Did Cadbury hit the holy grail of marketing with their ‘Free the Joy’ positioning? I’m sure their marketing agency and their numbers will vouch that they did, but there’s something more powerful than marketing data at play here: joy!
An article in Harvard Business Review explores the idea that if business leaders put joy at the heart of their company values, then the company will be more successful. So I wondered if a brand puts joy at the heart of its values and its marketing proposition, will consumers feel the joy and connect more with the brand?
The power of joy
The article states that joy in a team arises from three things: harmony, impact and acknowledgement. In a sports team:
- harmony would be every player having a role in scoring a goal
- impact would be every teammate being jubilant in their success, and
- acknowledgement would be each player’s contribution to the goal being noticed and cheered by each player.
To test if this analogy plays out in the workplace, the article cites A.T. Kearney’s survey of over 500 people’s workplace experiences in the Americas, Europe, the Middle East, Africa and the Asia-Pacific region. This 2019 survey found that those reporting feeling more joy at work strongly agreed with statements around harmony, impact and acknowledgement – the three ingredients of joy.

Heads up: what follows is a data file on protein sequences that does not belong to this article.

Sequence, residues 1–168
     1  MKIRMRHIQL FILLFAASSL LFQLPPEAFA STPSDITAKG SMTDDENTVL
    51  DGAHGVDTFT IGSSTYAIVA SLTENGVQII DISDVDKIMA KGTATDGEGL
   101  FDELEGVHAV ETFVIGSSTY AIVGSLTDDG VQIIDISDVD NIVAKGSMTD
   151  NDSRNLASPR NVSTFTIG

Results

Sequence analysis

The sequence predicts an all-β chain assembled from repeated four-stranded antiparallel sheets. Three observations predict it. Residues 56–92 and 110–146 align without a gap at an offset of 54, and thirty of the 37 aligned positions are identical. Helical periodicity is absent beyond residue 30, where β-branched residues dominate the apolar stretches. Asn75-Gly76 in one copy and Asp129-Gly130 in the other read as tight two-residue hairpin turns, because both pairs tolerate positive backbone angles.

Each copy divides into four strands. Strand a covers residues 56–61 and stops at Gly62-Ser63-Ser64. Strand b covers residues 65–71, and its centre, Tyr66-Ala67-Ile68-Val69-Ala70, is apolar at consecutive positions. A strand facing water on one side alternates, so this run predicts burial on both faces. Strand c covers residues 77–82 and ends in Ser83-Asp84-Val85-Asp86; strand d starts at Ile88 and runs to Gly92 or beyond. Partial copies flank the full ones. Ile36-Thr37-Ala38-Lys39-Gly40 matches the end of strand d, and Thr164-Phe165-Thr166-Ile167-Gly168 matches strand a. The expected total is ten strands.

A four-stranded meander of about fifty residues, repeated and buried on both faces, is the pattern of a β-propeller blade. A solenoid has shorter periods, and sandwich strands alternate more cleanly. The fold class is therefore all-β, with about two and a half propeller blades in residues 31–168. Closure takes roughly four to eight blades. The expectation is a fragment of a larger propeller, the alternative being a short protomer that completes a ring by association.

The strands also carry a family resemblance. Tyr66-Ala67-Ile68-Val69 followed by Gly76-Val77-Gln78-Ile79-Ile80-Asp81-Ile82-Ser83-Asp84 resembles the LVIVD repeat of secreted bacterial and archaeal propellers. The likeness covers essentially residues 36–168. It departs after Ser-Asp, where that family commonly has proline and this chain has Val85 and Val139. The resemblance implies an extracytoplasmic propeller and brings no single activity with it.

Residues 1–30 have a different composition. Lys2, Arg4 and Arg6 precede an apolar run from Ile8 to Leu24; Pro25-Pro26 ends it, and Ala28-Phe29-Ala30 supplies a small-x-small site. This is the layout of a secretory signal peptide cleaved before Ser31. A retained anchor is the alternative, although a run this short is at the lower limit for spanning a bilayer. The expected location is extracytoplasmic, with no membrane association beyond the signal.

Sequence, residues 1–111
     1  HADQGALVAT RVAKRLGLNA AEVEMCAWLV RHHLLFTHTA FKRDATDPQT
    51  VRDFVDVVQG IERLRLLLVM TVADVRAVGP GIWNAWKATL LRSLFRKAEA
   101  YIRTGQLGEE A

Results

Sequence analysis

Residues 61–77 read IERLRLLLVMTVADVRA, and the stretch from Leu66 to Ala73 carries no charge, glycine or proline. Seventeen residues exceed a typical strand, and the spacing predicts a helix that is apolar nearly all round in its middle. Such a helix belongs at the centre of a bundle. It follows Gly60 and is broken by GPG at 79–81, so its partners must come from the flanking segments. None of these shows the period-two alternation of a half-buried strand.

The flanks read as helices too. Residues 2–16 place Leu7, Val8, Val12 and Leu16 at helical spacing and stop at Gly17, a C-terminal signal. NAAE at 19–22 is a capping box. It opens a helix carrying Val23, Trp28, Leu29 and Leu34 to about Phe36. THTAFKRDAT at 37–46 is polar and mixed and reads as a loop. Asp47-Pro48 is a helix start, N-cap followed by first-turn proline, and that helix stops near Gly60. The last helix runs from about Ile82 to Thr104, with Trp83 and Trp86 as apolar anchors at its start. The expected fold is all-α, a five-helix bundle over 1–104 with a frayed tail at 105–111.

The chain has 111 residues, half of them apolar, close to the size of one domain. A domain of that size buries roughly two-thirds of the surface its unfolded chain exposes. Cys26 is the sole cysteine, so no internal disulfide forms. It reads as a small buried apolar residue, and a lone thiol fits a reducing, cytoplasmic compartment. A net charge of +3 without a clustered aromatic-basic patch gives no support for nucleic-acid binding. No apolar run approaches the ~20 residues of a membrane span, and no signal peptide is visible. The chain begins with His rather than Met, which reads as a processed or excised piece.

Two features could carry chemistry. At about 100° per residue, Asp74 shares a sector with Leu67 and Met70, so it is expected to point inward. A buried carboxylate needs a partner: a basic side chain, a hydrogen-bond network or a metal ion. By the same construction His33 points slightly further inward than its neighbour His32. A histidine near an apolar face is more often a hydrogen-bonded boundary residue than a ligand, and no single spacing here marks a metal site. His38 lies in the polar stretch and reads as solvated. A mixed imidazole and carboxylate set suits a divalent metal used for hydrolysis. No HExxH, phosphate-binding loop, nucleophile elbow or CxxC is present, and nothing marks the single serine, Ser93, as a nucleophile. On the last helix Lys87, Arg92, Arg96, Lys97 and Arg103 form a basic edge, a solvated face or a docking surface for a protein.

The survey went further to suggest that joy in business settings stems from employees believing that their work is truly meaningful and that their company makes a positive contribution to society.
Does ethical branding create joy in consumers?
So if a brand’s success lies in the extent to which its employees believe it is doing good, does it follow that brands such as Patagonia and TOMS, who put their genuine concern for the environment or disadvantaged communities at the centre of their values and marketing, have a joyful workforce?
TOMS, the global shoe brand that gives one pair of shoes to a child in need for every pair of shoes bought, has led the rise of social impact brands. The company’s mission statement focuses on improving lives and improving communities. TOMS founder and ‘Chief Shoe Giver’, Blake Mycoskie, told The Guardian that by having a social mission, they attract a certain type of employee that is drawn to working for a good cause and “We have a culture of entrepreneurial thinkers, driven leaders and creative problem-solvers.” Mycoskie told Inc how he has invested in employee wellbeing and has nurtured a company culture of sharing ideas, employee participation in charitable projects and employing like-minded people who enjoy the social mission.
Although TOMS’s marketing doesn’t embody ‘joy’ in the expressive way we think of it, their company values certainly have all the hallmarks of harmony, impact and acknowledgement that are needed to create joyful marketing… maybe the ‘joy of giving’ will be TOMS’s next marketing proposition?